June 25, 2021
The Ben Simmons rumor mill continues to churn, and the latest potential suitor is a name you should expect to hear a ton up until draft night in late July: the Golden State Warriors.
That's the word from ESPN's Stephen A. Smith, who has been a source of a lot of Simmons gossip this past week. On Friday's edition of First Take, here's what Smith had to say about the meeting between Simmons' representation and Philly's front office, in addition to potential interest on the Warriors' end:
Here's the reality — as it was reported, Rich Paul talked to the Philadelphia 76ers, and obviously, he's Ben Simmons' agent, so you're going to want some involvement. Didn't ask for a trade, but certainly if Ben Simmons were to be traded, he wants some say in where he goes. That's what the reality is. And in the end, Philadelphia is trying to claim that Philadelphia is not interested in moving Ben Simmons.
Let me tell y'all something, that's a damn lie. That's a damn lie. It's just that they're not interested in getting trash back for him. You make a solid, bonafide offer, the Philadelphia 76ers are going to consider it. I believe the Golden State Warriors are going to make a push for Ben Simmons, so keep your ears tuned, stay tuned. It's possible Ben Simmons could end up in Golden State.
On the surface, there are two snap reactions to this sort of report:
Both things are true. Any trade the Warriors are making this offseason is going to be in an effort to put a stronger supporting cast around Stephen Curry in the final year of his contract next season. Curry has never said anything to suggest he wants to leave the franchise where he became a megastar, but playing elite-level basketball only to miss the playoffs entirely surely is not what he has in mind for his twilight years. Golden State is expected to get Klay Thompson back for the 2021-22 season, and assuming he's close to his normal self, this is a team that will pretty quickly leap from fringe playoff contender to legitimate contender with the right corresponding moves.
Simmons would be a terrific fit in Golden State, as they're one of the few teams in the league that can mask his weaknesses and extract maximum value from his strengths. Playing alongside an elite shooting backcourt, Simmons' passing and transition ability could take center stage, and the Warriors' history of using small-ball lineups would give them a starting point to build from with Simmons, who could potentially be devastating as a short-roll passer.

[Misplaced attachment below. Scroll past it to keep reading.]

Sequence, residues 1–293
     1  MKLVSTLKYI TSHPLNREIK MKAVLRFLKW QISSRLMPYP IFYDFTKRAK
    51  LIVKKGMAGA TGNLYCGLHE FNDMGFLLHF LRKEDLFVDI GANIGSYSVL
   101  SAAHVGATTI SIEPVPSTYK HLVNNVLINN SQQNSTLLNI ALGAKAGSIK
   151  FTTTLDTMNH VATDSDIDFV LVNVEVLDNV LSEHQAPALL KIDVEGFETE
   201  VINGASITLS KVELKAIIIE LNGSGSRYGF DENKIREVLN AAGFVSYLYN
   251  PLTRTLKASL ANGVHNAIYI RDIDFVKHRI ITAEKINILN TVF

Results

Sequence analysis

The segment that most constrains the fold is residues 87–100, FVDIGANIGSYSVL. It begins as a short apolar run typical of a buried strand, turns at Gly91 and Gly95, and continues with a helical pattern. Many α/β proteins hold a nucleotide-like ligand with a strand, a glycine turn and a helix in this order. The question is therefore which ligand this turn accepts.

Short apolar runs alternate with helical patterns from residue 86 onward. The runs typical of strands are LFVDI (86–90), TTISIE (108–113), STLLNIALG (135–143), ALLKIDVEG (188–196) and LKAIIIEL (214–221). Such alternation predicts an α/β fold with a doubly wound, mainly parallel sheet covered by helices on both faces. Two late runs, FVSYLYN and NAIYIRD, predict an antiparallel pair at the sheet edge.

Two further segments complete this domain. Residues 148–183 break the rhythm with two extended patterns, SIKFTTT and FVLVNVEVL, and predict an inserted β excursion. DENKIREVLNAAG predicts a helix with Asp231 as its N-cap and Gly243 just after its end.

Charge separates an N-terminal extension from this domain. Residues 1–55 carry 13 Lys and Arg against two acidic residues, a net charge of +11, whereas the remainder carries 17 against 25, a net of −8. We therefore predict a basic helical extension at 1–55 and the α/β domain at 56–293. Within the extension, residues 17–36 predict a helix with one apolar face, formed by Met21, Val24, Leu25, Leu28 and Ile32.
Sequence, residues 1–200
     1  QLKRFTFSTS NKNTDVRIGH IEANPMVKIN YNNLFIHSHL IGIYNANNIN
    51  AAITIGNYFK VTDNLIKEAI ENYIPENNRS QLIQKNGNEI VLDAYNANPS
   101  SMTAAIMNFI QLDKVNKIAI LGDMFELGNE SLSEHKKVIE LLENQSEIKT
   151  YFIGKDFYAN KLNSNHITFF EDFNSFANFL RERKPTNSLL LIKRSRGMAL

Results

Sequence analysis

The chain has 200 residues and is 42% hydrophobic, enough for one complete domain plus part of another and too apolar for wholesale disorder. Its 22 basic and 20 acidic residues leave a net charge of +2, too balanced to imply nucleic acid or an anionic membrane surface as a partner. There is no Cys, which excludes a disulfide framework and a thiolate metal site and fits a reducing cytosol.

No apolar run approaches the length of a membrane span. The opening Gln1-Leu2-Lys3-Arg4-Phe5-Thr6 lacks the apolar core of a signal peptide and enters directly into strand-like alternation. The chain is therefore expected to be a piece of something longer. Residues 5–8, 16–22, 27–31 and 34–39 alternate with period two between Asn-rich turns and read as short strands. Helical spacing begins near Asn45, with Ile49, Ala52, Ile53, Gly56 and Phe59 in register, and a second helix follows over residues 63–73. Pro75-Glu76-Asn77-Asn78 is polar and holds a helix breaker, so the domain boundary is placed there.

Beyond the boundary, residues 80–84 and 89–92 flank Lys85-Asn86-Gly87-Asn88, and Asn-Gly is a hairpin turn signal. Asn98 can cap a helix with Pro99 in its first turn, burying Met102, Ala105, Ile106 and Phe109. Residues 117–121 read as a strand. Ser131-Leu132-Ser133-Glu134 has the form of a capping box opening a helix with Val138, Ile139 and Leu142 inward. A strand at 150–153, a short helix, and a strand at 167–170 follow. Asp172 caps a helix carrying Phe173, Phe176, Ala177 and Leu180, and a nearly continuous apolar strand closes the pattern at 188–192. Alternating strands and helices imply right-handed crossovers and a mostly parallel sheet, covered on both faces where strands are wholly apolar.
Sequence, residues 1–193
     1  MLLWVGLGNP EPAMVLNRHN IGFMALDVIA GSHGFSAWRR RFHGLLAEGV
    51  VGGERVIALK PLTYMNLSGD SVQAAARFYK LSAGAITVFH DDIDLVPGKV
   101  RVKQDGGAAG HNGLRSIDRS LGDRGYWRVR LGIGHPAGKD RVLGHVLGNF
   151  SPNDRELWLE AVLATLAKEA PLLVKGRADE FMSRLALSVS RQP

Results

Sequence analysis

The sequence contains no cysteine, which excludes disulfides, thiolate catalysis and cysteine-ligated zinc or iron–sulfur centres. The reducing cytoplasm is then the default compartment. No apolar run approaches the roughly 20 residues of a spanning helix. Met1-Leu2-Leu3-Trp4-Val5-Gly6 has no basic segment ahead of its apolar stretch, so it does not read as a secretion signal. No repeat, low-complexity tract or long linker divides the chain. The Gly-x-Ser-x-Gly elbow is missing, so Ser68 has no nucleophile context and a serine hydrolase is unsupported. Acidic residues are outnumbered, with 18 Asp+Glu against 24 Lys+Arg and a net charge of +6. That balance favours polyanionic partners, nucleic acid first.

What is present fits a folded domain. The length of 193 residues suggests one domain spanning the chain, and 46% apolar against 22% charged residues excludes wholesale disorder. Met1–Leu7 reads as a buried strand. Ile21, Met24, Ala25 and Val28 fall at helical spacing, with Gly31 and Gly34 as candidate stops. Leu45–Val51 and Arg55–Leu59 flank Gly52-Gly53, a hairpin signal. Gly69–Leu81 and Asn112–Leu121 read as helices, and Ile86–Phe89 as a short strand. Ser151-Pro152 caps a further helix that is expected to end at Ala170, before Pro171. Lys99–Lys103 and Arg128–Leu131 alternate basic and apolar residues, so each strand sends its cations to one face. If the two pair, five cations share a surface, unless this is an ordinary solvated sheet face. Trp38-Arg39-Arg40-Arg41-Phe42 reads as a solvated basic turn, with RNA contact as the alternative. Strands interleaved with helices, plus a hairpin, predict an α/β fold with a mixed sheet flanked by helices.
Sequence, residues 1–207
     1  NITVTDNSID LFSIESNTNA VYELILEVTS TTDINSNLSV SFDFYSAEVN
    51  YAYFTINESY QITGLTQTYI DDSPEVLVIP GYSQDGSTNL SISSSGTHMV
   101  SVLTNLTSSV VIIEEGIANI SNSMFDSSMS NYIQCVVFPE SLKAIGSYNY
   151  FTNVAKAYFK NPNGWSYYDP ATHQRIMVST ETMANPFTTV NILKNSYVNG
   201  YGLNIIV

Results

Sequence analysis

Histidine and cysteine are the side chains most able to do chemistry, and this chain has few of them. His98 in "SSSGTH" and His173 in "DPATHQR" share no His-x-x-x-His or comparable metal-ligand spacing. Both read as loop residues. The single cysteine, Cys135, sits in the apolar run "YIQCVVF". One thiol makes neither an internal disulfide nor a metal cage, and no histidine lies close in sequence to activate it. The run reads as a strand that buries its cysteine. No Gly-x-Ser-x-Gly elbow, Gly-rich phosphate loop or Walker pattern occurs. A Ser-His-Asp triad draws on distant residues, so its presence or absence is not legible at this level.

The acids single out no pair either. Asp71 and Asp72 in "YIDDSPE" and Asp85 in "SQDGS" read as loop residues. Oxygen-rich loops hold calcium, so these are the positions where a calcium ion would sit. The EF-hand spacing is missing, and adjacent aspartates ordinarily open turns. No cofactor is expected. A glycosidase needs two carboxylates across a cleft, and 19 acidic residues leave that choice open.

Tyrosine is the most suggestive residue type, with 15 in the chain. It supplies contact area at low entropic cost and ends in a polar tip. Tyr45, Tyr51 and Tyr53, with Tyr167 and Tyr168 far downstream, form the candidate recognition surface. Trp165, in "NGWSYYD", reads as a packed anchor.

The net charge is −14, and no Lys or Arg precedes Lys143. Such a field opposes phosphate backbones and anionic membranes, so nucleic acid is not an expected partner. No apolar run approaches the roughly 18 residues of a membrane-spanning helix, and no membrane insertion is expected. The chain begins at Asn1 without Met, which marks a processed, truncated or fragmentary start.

The 24-year-old "guard" (a title that could be changing regardless of who he plays for) is also young enough to help lead the Warriors into their next era of basketball but productive enough to help them win right now. That's a hard thing to balance, but it's part of what allows him to have value to Golden State and other teams looking for fixes and improvements without taking big steps back.
On the other end of the bargaining table, the problem is that Golden State's most valuable assets mostly offer delayed gratification. Post-lottery, the Warriors now own selections No. 7 and No. 14 in the 2021 NBA Draft, in addition to last year's No. 2 overall pick James Wiseman. Wiseman is sort of an "eye of the beholder" type player, a talented big who nonetheless showed his inexperience last season, but a developmental big offers basically nothing to the Sixers specifically. That's mostly true of the draft assets as well — if the Sixers are trading Ben Simmons, they need a return that offers immediate production and assistance for Joel Embiid in an effort to compete for titles in the short term.
If you're looking for the potential path to a deal, the Warriors could be a useful partner in their ability/willingness to provide premium assets that could be immediately re-routed for something/someone the Sixers covet more. If a team like Washington, for example, is finally ready to move Bradley Beal and move into more of a true rebuilding phase, a pair of lottery picks this year would be a good place to start, though that would hardly be the end of the discussion if they're not the team getting Simmons back in the deal.
Unless the Sixers for some reason wanted Andrew Wiggins and his expensive contract — and his general style of play is antithetical to how Daryl Morey views basketball — the other complicating factor is figuring out where to re-route Embiid's former Kansas teammate. That would more than likely require additional draft compensation to make happen, at which point you have to question whether either team has the incentive to make a Simmons-centric deal happen instead of exploring other routes. Draymond Green is a better player, but the same issues persist if he's part of the deal since the Sixers have far less use for his talents with Embiid already anchoring the back end for Philly.
(To be clear, Wiggins was actually a better version of himself last year with Golden State, making a pretty sizable leap as a shooter and buying into their team concept. But if you're banking on him to be one of Embiid's primary sidekicks for a title chase, I think you have nothing but pain in your future.)
If both sides really wanted this to happen, I am certain there's a Frankenstein's monster sort of deal that they could put together over the next month to execute on or before draft night. Where there's a will, there tends to be a way in the NBA. But it would rely on so much cooperation and so many different variables that it doesn't appear worth the trouble from where we sit today. I wouldn't rule the possibility out entirely, but if Simmons ends up being moved, there are less complicated routes to make it happen.
Follow Kyle on Twitter: @KyleNeubeck
Like us on Facebook: PhillyVoice Sports